PHILADELPHIA (CBS) — Nearly 200 Interfaith leaders from several religions gathered at the Lutheran Seminary in the Germantown section of Philadelphia to stand in solidarity after vandals toppled more than 100 tombstones at a Jewish cemetery in the city’s Wissinoming section.
People from all backgrounds have stood up in solidarity, supporting the Jewish community in the wake of this vandalism, including some in the Muslim community like Salaam Bahatti, who says his community knows what it is like to be targeted.READ MORE: Pool Season In Philadelphia Area Could Take Nosedive Thanks To Looming Chlorine Tablet Shortage
“Any targeting of any faith is an attack on all faiths, so we can’t just sit back and say, ‘Oh they are Jewish people’ we are Muslims we are okay because if they come for the Jews they will come for us soon enough,” Bahatti said.
Jewish Federation of Greater Philadelphia CEO Naomi Adler says they are planning a community-wide rally at noon on Thursday at Independence Mall for a “Stand Against Hate” event.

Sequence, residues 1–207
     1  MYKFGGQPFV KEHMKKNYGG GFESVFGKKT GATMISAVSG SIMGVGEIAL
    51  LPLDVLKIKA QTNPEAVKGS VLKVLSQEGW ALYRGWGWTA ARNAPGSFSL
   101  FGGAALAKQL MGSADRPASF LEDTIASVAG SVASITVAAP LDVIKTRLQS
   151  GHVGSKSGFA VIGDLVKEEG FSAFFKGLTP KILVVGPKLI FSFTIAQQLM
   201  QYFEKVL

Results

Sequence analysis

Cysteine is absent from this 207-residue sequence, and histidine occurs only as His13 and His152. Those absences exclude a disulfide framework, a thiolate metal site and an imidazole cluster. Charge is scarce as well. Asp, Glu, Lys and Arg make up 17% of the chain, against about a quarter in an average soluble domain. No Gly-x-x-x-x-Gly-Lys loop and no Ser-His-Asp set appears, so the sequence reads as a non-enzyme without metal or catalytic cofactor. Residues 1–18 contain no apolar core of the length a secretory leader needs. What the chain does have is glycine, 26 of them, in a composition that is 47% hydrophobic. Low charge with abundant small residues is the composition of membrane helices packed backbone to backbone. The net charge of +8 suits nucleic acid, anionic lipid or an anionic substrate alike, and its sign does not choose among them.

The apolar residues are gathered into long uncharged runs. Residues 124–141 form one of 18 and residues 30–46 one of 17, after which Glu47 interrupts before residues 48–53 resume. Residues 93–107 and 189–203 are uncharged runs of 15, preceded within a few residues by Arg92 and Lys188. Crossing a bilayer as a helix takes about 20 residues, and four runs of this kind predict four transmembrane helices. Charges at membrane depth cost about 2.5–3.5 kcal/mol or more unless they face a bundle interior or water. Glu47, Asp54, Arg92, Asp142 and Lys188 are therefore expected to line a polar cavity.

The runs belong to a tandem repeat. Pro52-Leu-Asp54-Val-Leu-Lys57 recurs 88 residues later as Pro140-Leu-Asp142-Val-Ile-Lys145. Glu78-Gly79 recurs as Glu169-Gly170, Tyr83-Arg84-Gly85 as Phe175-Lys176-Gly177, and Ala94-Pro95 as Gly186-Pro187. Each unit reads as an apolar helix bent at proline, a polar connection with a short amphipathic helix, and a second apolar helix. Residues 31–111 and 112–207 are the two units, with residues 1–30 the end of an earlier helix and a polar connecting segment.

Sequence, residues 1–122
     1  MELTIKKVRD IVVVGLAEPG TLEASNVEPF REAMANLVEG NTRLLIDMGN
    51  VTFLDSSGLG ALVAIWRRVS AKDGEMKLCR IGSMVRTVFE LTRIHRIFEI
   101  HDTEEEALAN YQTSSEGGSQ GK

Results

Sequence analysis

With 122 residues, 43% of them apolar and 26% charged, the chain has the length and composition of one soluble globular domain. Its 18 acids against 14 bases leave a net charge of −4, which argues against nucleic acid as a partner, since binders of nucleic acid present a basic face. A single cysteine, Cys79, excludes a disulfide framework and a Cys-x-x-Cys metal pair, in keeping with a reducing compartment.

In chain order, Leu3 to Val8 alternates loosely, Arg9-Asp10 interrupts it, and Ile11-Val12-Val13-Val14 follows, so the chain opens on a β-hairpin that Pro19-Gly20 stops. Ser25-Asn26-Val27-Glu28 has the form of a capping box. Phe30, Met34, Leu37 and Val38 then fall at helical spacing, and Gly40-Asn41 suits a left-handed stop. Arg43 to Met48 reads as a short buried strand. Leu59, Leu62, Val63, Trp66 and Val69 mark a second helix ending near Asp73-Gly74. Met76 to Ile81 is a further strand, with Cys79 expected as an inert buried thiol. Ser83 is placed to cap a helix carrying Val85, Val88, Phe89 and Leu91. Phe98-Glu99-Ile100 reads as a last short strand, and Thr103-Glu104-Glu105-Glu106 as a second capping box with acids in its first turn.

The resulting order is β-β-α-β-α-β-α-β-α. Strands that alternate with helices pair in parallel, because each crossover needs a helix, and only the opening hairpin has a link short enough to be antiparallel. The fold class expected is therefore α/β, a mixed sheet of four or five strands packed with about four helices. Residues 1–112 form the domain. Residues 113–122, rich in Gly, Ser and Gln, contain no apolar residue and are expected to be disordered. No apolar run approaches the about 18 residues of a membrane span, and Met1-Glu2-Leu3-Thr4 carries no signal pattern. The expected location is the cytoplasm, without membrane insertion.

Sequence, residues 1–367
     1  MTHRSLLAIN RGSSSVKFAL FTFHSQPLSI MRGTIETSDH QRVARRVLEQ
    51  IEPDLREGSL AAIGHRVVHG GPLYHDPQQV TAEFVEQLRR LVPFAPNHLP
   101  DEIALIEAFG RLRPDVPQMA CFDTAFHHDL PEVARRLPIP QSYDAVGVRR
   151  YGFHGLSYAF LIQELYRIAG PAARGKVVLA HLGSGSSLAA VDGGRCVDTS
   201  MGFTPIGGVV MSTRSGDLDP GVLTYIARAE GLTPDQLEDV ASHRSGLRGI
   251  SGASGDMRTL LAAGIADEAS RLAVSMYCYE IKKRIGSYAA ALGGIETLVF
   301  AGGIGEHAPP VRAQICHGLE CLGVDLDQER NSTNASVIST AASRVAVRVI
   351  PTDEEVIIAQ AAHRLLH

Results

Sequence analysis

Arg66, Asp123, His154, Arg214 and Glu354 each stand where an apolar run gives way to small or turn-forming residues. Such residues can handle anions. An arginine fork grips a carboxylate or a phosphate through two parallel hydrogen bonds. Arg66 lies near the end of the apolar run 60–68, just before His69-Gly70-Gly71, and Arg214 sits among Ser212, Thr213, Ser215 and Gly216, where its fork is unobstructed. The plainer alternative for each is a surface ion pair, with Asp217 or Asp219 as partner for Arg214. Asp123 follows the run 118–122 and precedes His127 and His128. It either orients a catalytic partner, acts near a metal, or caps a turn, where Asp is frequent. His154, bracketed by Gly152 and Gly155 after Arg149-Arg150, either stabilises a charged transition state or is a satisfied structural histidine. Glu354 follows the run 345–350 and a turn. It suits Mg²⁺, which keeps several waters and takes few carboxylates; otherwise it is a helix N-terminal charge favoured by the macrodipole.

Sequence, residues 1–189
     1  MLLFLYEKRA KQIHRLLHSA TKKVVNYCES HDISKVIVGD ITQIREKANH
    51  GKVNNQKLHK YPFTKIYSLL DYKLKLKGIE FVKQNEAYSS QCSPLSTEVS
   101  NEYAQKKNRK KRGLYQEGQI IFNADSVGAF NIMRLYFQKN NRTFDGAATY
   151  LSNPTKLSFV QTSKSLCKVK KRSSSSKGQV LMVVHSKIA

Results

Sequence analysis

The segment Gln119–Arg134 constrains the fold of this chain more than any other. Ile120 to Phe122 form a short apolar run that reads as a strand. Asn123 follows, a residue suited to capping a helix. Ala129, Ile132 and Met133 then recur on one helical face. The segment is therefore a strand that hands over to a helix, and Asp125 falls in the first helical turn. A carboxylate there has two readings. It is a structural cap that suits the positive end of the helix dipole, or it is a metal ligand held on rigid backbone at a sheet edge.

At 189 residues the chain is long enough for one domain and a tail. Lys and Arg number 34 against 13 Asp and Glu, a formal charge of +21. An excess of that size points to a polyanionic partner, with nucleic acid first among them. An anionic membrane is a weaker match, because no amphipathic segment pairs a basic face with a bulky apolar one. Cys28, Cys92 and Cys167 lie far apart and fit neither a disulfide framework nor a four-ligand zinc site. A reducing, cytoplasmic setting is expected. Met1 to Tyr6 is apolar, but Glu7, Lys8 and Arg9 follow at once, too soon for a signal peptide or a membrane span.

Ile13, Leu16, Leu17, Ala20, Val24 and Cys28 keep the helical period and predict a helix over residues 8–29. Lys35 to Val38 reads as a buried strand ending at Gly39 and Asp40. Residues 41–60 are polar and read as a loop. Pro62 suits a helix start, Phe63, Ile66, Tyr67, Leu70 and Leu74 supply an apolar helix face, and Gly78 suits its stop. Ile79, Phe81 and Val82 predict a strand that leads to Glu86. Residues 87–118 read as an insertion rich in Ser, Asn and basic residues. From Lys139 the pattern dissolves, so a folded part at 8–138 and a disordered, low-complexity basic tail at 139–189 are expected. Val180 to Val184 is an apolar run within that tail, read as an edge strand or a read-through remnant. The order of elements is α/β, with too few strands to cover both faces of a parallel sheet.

“We are naming the hate, and we will not stand for it anymore,” said Adler.
She says every headstone and grave marker will be replaced or repaired.
Bishop Claire Burkat, of the Southeastern Pennsylvania Synod of the Evangelical Lutheran Church in America, says they “stand in unity.”
“The tombstone desecration at Mt. Carmel Jewish Cemetery is a kind of spiritual violence that must be stopped and denounced by all people who abhor the hate-filled antisemitism that is escalating,” Burkat said.READ MORE: Taste With Tori: Thoughtful Details Sprout Off Every Table, Plate At 1906 At Longwood Gardens
Monsignor Daniel Kutys, the Vicar General of the Archdiocese of Philadelphia, read a statement on behalf of Archbishop Charles Chaput, who had a prior commitment in New York.
“Join in prayerful solidarity with the families of those whose final resting places have been disturbed. Violence and hate against anyone, simply because of who they are, is inexcusable,” Monsignor Kutys read.
Imam Anwar Muhaimin of the Quba Masjid says “any act of intolerance – which we’re seeing a lot of today – is something that goes against the spirit of the city that we all know and love.”
“I wanted to stand against the bigotry, intolerance, antisemitism and Islamophobia. We are all in this together, and I pray that God’s power is with us,” said Muhaimin.
Mayor Jim Kenney believes the good will prevail.
“I think there are good people overwhelming, there are more good people overwhelming than there are rotten hating idiots. And I think I the end the good will prevail,” said the mayor.MORE NEWS: Jefferson Hospital Nurse Who Ended Up Patient After Blister On Foot Gets Infected Honored During National Nurses Week